In the physical sense, these Canaanites were more powerful than Israel. They had many chariots and weapons of war which the Israelites did not have. When they sinned, and God did not help them, they were at the mercy of the Canaanites. The Israelites could not win without the LORD.


Judges 2:15 "Whithersoever they went out, the hand of the LORD was against them for evil, as the LORD had said, and as the LORD had sworn unto them: and they were greatly distressed."


They prospered not in any business they undertook, or put their hands unto. Or in any expedition they went upon, or when they went out to war. As Kimchi, Ben Melech, and Abarbinel explain the phrase: the battle went against them, because God was against them. His hand was against them, and there was no resisting and turning that back. And this sense seems to agree with what goes before and follows after. Though in some Jewish writings it is explained of those that went out of the land to escape the calamities of it. And particularly of Elimelech and his two sons, Mahlon and Chilion (Ruth 1:2).


"As the Lord had said, and as the Lord had sworn unto them": Having ratified and confirmed his threatening with an oath, that if they served other gods, he would surely bring upon them all the curses of the law (see Deut. 29:12).


"And they were greatly distressed": By the Canaanites they suffered to dwell among them, who were pricks in their eyes, and thorns in their sides, as had been threatened them. And by the nations round about them, who came in upon them, and plundered them, and carried them captive.


The anger of the LORD brings His wrath. He will not help them because they have been unfaithful to Him. In fact, He will fight against them. The covenant God had made with them was conditional on their keeping His commandments.



Verses 16-19: This book is the unvarnished history of the 14 men and women God "raised up" as "judges" in times of national distress to deliver Israel from her oppressors.


Judges 2:16 "Nevertheless the LORD raised up judges, which delivered them out of the hand of those that spoiled them."


"The Lord raised up judges": A "judge" or deliverer was distinct from a judge in the English world today. Such a leader guided military expeditions against foes as here and arbitrated judicial matters (compare 4:5). There was no succession or national rule. They were local deliverers, lifted up to leadership by God when the deplorable condition of Israel in the region around them prompted God to rescue the people.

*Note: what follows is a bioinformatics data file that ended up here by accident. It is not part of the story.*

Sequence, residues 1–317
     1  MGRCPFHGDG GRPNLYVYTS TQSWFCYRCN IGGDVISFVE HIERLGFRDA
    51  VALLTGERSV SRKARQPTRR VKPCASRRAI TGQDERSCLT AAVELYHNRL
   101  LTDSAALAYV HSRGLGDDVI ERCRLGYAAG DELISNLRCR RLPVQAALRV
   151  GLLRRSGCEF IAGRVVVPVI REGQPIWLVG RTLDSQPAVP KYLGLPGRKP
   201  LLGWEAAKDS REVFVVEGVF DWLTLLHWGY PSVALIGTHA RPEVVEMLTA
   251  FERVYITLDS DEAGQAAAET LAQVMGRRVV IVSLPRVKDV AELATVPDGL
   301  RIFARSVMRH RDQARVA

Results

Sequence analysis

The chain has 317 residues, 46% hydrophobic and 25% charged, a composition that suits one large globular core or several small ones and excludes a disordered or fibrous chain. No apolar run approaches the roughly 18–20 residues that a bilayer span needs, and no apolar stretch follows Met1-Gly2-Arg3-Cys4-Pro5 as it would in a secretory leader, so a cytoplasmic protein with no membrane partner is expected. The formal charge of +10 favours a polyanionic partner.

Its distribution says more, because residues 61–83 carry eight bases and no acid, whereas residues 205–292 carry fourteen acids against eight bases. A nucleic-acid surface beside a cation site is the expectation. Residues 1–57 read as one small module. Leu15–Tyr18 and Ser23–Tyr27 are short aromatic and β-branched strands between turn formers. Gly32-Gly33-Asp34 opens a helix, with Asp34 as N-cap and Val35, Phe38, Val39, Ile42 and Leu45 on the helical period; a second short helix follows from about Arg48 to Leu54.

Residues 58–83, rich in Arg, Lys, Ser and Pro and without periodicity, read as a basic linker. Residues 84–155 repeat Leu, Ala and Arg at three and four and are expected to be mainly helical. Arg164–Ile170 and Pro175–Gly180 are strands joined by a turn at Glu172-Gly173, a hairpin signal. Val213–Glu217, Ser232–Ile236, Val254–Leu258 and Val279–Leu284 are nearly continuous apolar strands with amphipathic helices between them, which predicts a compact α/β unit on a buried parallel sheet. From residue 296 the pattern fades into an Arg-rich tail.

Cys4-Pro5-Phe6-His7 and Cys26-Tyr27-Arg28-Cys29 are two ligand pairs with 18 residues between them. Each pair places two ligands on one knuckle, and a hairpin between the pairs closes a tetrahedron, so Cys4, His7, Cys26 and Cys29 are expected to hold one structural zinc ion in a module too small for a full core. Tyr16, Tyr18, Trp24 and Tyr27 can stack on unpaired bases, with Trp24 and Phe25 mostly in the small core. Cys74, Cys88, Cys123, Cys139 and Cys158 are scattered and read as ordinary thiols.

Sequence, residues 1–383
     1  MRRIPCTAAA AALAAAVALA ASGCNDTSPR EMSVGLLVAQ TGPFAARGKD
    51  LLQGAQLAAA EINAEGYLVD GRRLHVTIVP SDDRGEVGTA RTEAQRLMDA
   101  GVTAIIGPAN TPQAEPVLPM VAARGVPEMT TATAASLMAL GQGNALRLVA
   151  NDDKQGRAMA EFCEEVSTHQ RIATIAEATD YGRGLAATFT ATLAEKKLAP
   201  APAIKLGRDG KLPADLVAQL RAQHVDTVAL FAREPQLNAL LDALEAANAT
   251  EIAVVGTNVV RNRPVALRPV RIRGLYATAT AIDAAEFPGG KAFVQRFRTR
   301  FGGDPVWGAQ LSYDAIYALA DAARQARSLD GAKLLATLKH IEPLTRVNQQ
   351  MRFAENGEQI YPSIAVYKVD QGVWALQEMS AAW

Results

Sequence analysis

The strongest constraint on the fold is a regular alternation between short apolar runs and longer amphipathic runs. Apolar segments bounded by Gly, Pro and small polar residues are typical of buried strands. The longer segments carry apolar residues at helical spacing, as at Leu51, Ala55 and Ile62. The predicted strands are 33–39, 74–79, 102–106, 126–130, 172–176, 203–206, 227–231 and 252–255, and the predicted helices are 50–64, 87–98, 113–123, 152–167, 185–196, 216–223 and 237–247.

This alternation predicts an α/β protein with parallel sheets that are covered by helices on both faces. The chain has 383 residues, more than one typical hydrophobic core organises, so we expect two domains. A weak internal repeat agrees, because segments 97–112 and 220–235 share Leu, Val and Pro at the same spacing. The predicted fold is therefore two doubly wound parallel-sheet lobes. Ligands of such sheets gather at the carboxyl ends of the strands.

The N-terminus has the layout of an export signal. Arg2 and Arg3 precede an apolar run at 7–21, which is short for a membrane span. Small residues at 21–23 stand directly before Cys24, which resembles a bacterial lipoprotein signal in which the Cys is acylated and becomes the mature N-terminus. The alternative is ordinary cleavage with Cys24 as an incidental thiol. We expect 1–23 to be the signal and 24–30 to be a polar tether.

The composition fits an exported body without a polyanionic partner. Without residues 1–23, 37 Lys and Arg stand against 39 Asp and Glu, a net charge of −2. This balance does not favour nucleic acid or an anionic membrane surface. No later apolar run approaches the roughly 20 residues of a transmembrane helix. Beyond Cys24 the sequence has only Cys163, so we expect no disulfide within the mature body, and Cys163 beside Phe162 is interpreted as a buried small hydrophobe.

The "judges" were God's men who served as leaders of the people, not only militarily, but in matters of civil administration and legal matters. Although it was said specifically of four men (Othniel, 3:9-10; Gideon, 6:34; Jephthah, 11:29; and Samson, 13:24-25; 14:6, 19; 15:14), doubtless all of the judges were men upon whom "the spirit of the Lord" came. Although some are given brief notice, perhaps because their influence was purely local (e.g. Shamgar, 3:31; Tola and Jair, 10:1-3; Ibzan, Elon and Abdon, 12:8-15), others received rather extensive notice (e.g., Deborah and Barak, 4:1 - 5:31; Gideon, 6:11-16, Jephthah, 11:1-11; and Samson, 13:2-5, 24-25). Eli and Samuel are likewise considered judges, even though their stories are contained (in 1 Samuel).


This is what the book of Judges is about. God raised them up one at a time to judge the people. God would bless the people while the judges were judging. The judges kept them informed more clearly of their errors. God wants to bless them. He is forgiving. His compassion for them is shown in the numerous times He forgives them.



Verses 17-19: The recurring cycle of Israel's apostasy, oppression, repentance, and deliverance by heaven-sent deliverers forms the key theme of the Book of Judges. It was a period of repeated spiritual apostasy, growing immorality, social degradation, and political instability. Israel's "second generation" had forgotten the spiritual victories of the generation of the conquest. Only the mercy of a gracious God kept Israel from disappearing as a nation.


Judges 2:17 "And yet they would not hearken unto their judges, but they went a whoring after other gods, and bowed themselves unto them: they turned quickly out of the way which their fathers walked in, obeying the commandments of the LORD; [but] they did not so."


Afterwards, or not always. But when they admonished them of their sins, and advised them to walk in the good ways of God, and serve him only; they turned a deaf ear to them, and went on in their own ways. Which is a sad aggravation of their iniquities.


"But they went a whoring after their gods, and bowed themselves unto them": Committing spiritual adultery, for such idolatry is, and is often so represented in Scripture. For by it they broke the covenant God made with them. Which had the nature of a matrimonial contract, and in which God was a husband to them. And therefore serving other gods was rejecting him as such, and committing whoredom with others. Which nothing was more provoking to God, jealous of his honor and glory.


"They turned quickly out of the way which their fathers walked in": As soon as even Joshua and the elders were dead, they departed from the God of their fathers, and the way in which they worshipped him. And so likewise quickly after they had been delivered by the judges, or however as soon as they were dead.